You want winners? Here's a formula
According to a Ph.D. (and Patriots fan), math can help derive successful coaching hires
The Philadelphia Eagles are believed to be the first team to commission a study, a 14-page report in 1999 that led them to hiring Andy Reid. The late Johnnie Cochran -- yes, him -- in 2002 did a paper about minority coaches. The San Francisco 49ers completed a study in 2005.
And two researchers at New York University completed an 82-pager a few years ago. The studies took into account age, race, experience, background and dozens of other variables that could serve as predictors in determining who will be the next great coach.
Considering we're about to enter the NFL's hiring-and-firing season -- the Washington Redskins, Oakland Raiders, Buffalo Bills and Cleveland Browns, among others, could be looking for new coaches -- you'd think those studies would be in high demand. (I delve into all the studies in the next issue of The Magazine, and the next great coach, according to the data, will shock a lot of people.)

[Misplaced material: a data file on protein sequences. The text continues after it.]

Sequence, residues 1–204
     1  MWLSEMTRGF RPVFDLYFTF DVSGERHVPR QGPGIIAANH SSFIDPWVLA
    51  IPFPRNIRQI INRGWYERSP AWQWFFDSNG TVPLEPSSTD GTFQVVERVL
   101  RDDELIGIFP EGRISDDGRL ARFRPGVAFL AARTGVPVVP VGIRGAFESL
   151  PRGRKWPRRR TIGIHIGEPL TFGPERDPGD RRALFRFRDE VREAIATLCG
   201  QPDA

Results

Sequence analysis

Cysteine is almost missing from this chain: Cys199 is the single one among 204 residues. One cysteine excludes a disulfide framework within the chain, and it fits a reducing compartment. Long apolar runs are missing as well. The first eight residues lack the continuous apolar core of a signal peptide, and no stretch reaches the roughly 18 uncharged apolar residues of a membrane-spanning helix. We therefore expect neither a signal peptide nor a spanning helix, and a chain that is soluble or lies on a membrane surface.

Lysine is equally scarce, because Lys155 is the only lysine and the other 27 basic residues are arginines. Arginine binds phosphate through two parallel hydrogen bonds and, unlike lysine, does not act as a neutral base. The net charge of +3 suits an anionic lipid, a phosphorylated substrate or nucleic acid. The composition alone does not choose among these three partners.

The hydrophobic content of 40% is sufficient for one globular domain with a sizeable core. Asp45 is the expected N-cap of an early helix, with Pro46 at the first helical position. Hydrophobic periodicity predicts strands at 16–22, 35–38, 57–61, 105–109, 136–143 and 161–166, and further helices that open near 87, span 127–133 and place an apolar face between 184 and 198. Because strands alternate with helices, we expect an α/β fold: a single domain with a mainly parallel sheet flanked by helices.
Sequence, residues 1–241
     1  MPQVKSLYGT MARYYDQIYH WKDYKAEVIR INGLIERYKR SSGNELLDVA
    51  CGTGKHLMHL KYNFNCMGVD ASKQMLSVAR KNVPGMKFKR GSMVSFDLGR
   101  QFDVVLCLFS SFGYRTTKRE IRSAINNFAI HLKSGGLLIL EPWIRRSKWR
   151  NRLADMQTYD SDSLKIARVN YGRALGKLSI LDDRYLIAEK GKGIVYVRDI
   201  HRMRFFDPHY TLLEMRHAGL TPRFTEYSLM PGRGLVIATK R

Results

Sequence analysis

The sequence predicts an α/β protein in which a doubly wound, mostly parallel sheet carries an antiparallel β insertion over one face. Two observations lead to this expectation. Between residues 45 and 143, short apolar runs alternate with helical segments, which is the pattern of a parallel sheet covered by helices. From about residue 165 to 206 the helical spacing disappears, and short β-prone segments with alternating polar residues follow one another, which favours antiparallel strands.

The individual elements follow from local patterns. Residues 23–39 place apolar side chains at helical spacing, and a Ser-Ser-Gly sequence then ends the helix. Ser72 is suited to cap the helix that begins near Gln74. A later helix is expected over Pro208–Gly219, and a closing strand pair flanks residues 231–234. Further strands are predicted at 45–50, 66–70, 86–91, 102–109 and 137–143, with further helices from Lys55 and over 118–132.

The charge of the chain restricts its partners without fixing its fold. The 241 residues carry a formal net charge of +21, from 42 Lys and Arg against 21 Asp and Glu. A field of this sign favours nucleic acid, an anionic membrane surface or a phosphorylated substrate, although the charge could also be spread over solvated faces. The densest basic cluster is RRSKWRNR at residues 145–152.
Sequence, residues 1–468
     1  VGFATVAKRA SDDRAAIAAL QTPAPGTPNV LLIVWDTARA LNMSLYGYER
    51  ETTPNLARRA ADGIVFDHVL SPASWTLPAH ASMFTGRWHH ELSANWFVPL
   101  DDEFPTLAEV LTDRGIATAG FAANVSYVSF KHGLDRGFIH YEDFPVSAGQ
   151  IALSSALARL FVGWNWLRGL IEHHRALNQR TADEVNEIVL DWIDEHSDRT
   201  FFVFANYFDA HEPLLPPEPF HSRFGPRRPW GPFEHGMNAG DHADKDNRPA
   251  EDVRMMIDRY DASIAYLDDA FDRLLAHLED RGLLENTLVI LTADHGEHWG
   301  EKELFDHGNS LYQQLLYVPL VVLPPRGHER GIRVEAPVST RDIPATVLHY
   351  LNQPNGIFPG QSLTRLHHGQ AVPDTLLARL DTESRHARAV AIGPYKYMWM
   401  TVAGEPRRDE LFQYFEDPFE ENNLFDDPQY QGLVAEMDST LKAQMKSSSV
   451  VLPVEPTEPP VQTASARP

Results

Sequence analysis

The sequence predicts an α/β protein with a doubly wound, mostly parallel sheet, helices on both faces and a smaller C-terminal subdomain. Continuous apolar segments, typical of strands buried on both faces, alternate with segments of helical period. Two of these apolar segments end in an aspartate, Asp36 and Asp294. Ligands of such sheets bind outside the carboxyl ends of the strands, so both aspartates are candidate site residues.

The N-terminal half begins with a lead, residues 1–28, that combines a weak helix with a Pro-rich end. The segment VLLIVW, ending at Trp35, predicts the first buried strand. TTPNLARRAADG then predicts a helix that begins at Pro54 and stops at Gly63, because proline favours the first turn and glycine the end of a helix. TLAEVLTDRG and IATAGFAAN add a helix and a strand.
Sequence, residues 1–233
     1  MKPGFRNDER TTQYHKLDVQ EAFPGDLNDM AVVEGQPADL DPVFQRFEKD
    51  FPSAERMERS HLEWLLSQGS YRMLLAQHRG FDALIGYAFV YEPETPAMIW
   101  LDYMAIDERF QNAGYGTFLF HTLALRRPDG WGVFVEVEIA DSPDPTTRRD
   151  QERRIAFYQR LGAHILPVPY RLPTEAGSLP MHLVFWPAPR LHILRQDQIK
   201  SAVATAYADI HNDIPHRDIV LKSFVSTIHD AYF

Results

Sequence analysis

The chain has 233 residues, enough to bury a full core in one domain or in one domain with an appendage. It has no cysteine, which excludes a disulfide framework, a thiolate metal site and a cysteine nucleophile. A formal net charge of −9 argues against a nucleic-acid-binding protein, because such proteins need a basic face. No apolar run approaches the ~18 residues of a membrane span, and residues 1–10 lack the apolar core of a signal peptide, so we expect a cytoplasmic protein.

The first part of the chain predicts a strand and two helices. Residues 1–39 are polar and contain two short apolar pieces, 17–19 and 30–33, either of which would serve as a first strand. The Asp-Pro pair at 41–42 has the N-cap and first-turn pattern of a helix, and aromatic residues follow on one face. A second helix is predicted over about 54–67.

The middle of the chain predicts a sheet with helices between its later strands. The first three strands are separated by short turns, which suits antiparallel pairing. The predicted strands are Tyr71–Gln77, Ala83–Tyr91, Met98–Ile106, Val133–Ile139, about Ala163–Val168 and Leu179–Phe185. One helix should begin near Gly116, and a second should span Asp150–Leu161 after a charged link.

But I left out one study. It's the most intriguing, complex one, in fact: a statistical formula that, in theory, could predict success for head coaches.
In 2006, a University of Massachusetts computer science Ph.D. student named Andrew Fast studied statistical models that showed how social surroundings impact individuals. Fast essentially asked: Do birds of a feather flock together?
He used models called relational probability trees -- RPTs -- to produce data about different industries, like securities trading. In the middle of finishing his dissertation Fast, a New England Patriots fan, took a monthlong detour to analyze if coming from a coaching tree was a true predictor of a coach's success. Read more about Fast's study here.
He determined a list of 15 "championship coaches," including guys such as George Halas, Vince Lombardi, Hank Stram and Joe Gibbs, and looked at how many protégés they had, and the success rate of those offspring.